What is the BBB?
Many people mistakenly think that Better Business Bureau is a government agency that is a consumer watchdog making sure that companies do no wrong. Unfortunately, that is completely false, just an image that the company gives. The BBB is legally a C-Corporation that is much closer to the mafia of old, the guys who went into small businesses and told the scared owners that bad things might happen if they didn’t pay. While it started with noble intentions 100 years ago, in recent years the company, started to protect us from scams has degenerated into being a scam itself.
Why this interests us – Xpay
We recently got an email from a customer about one of our credit card processors. The customer complained that there was a processor in our marketplace (lets call them Xpay) who had an F BBB rating. We vet our processors to make sure that they have stellar customer service, so we were shocked to learn this. We contacted Xpay and asked that they rectify the situation. The BBB site said that they had 11 complaints against the company, therefore it got an F rating. This by itself seems acceptable… they have a lot of complaints so they aren’t trustworthy. However, if you look at their competitors – for example, Merchant One or Leaders you’ll see many more complaints (Merchant One has 163 complaints, Leaders has 147). We’ve seen their statements, and they are completely ripping people off. They also simply lie outright, even in their Google ads, promising rates that are impossible.
This is an outright lie – no-one can provide merchant services for 0.00%. Believe it or not, a lot of people fall for these scams (when we try to pitch FeeFighters to some merchants, they say “we have a free merchant account” We’ve found it really tough to convince them otherwise), and the BBB continues to give these companies A+ accreditation because they pay money to the BBB. This gives a lot of people a false sense of security and makes me very mad.
Xpay’s resolution – pay off the BBB, move from an F to an A-
Xpay asked the BBB what they could do to fix the problem. It turned out that all they needed to do was grease the wheels. The BBB noted that Xpay wasn’t a member organization, and by becoming a member organization the BBB would “look into” those 11 complaints to see if they were worthy of being wiped clean. Xpay paid the BBB a fee of $760 (see fee schedule). Within a couple of days the rating had changed from an F to a C. A few days later and another phonecall, and the rating was changed to an A-.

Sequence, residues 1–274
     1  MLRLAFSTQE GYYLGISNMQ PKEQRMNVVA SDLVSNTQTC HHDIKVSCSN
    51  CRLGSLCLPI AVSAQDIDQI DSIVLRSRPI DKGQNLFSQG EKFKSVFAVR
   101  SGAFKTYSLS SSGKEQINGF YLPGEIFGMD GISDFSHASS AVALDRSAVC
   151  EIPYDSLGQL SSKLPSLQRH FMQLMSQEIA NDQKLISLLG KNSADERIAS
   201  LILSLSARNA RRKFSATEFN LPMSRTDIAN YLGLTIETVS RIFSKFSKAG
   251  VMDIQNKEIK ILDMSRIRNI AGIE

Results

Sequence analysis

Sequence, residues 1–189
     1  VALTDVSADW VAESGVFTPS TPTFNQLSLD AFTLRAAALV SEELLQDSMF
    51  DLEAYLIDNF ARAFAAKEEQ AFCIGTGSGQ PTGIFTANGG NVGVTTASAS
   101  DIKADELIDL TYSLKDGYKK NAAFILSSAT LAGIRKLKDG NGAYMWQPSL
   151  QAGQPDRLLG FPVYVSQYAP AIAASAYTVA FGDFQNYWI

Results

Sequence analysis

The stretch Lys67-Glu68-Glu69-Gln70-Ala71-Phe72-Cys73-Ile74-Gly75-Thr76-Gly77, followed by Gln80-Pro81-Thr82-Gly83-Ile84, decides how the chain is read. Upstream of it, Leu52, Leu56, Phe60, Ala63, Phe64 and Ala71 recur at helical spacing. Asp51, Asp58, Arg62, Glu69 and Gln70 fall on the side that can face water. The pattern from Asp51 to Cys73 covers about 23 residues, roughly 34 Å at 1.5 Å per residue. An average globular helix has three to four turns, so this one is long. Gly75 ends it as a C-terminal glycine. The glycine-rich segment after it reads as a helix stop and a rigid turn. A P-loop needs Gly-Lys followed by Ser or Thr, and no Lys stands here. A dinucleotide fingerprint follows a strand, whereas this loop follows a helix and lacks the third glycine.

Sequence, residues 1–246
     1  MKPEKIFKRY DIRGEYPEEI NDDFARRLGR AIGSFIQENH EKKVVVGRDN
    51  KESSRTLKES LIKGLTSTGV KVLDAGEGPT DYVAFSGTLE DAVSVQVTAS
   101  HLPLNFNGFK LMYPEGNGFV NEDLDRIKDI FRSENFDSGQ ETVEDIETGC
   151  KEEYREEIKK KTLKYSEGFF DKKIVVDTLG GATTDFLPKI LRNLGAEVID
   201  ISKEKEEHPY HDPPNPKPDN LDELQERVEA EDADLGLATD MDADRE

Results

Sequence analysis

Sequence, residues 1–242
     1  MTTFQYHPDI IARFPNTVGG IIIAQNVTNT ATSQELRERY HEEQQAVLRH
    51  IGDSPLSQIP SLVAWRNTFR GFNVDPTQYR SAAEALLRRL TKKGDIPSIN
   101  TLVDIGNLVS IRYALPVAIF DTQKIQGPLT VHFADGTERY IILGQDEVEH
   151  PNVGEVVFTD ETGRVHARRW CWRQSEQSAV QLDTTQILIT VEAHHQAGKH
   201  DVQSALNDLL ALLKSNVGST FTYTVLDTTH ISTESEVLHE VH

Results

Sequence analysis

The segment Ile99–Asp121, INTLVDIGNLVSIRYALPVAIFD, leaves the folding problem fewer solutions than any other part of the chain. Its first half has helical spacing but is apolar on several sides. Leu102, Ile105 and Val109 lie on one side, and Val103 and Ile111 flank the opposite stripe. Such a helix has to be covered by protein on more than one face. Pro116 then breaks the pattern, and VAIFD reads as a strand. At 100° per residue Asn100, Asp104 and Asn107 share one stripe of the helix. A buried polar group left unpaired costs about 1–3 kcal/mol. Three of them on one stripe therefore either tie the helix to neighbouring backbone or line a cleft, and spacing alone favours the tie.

What should you do?
1) Don’t put ANY credence whatsoever in the BBB’s ratings. It is NOT a valid data point.
Until recently, Ritz Carlton, Disneyland, Google, and Starbucks had D’s and F’s, and Hamas (yes, the terrorist group) had an A-, and the Aryan Nation White supremacist group Stormfront had an A+. There are TONS of unscrupulous companies in our business that have A+ ratings and it really grinds my gears that people are being ripped off because they think these companies are vetted by the BBB. The BBB inherently has a conflict of interest – their main source of revenue is businesses who pay a membership fee. But those same businesses are the companies that the BBB is supposedly regulating… So if a consumer reports a company to the BBB and the BBB lowers that company’s grade, how likely is that company to re-up with their membership fee? Not very.
2) Do your own research.
This one is tough, but unfortunately it’s hard to find unbiased reviews of services. For restaurants there is Yelp, and for products, you can trust the Amazon reviews… For handymen and plumbers there’s Angie’s list (I can’t believe that they get away with charging for membership), but there aren’t any great organizations that rank services like credit card processors. We want to rectify this so we started a Credit Card Processing Directory with unbiased reviews. For most things though, we’re back to the old days where you need to get reviews from your friends or look for companies that have some positive major press mentions.
3) If you have a complaint, bring it up with the business in question before filing with the BBB.
Remember, the BBB has no authority over the business, and their tactics are annoying on both ends (as a business and a consumer). They actually charge consumers a lot of money for “complaint resolution” and are constantly trying to upsell consumers to this service that costs between $225 and $500. If you have a problem, try to resolve it with the company first. If that doesn’t work, write a nasty blogpost or maybe make a youtube video.
For more information, including an interview with the head of the BBB, Wolfgang Puck, Ritz Carlton, etc check this great video from 20/20 a few months ago:
[…] to help business owners keep more of their money” came out swinging, with a blog post titled The BBB is a F*#ing Scam. They’re not particularly stealthy about having their own vested interests in the discussion. […]
[…] money” came out swinging, with a blog post titled The BBB is a F*#ing Scam. They’re not quite cat-like about […]